Digital or Film?

Thursday was the annual late night trading in Parkhurst – happening again next week, 29Nov’07 for those interested – and being in the area I decided to pop in to The Cow Artworks to see what was on. It was great to see some wonderful black and white prints on the walls and appreciate the talents of other photographers, more particularly that of local people who are doing so well here and abroad.

I had time to chat for just a few minutes to Athol Rheeder who is currently exhibiting his work from his book ‘Unto London’ there at the gallery. What fascinated me about our chat was his passion for film and the amazing printing of Silvertone International in Parktown. His voice echoed that of professional photographers from around the world in recent surveys conducted by Kodak this year. Perhaps I can share their findings with you briefly here.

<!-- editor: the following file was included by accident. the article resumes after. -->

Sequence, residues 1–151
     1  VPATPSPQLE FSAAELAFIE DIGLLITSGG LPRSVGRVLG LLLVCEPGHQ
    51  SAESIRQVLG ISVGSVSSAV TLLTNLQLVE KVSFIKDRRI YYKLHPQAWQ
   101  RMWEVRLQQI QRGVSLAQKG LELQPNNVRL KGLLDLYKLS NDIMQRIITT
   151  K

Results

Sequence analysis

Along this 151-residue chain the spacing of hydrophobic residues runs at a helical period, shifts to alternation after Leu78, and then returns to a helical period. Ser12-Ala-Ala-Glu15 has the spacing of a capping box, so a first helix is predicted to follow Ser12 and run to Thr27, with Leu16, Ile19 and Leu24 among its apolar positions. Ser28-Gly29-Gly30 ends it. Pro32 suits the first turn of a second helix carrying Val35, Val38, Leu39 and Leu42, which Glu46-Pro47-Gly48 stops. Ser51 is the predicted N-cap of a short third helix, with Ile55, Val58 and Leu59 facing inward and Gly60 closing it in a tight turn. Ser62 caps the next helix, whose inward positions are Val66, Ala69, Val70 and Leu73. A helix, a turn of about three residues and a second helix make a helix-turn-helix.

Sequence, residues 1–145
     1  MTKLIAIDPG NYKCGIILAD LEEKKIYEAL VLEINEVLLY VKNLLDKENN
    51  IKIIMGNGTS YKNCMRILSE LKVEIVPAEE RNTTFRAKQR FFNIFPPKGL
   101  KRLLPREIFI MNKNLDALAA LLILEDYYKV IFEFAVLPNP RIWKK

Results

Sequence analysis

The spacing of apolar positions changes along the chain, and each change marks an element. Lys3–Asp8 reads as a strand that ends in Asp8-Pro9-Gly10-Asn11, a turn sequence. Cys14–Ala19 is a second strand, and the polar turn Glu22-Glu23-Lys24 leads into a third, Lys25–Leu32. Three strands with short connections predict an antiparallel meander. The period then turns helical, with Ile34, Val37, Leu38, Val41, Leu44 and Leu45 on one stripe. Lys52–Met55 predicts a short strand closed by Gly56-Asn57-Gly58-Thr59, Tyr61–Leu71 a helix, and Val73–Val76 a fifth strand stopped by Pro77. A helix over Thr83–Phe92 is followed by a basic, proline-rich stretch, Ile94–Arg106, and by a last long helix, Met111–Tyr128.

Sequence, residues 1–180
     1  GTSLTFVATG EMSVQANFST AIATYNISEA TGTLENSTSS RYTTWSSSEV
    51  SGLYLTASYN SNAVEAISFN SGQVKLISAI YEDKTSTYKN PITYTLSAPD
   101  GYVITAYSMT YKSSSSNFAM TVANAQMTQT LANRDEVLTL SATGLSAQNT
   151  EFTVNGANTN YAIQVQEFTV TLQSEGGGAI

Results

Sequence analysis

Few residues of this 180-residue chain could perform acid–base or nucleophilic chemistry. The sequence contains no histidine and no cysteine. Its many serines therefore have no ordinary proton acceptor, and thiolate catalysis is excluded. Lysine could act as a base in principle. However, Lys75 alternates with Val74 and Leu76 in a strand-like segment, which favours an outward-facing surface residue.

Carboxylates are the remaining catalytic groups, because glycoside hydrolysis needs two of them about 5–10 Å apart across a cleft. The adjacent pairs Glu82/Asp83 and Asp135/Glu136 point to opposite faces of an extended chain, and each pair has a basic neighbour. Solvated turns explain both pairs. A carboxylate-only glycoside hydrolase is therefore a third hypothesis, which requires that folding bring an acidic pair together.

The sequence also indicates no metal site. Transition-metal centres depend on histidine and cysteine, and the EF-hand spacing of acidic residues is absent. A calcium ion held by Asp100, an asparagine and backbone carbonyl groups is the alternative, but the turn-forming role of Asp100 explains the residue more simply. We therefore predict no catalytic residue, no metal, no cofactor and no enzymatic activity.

The Europe Survey conducted around June/July’07 found that of the nearly 3000 photographers who participated

* 67% intended to continue using film
* 55% preferred the results of film over digital
* 19% admitted to choosing a film camera for more than 60% of their work
* 80% of photographers participating in the survey shoot black & white with 45% of those preferring film.

In the US survey conducted Aug/Sep’07 more than 9000 professional photographers responded, with the following being the results of that survey.

* 75% of participating photographers said they will continue to use film even while “embracing digital”
* 68% prefer the results of film to digital
* 48% felt film was superior in capturing information on medium and large formats
* 48% use film to create a “traditional photographic look”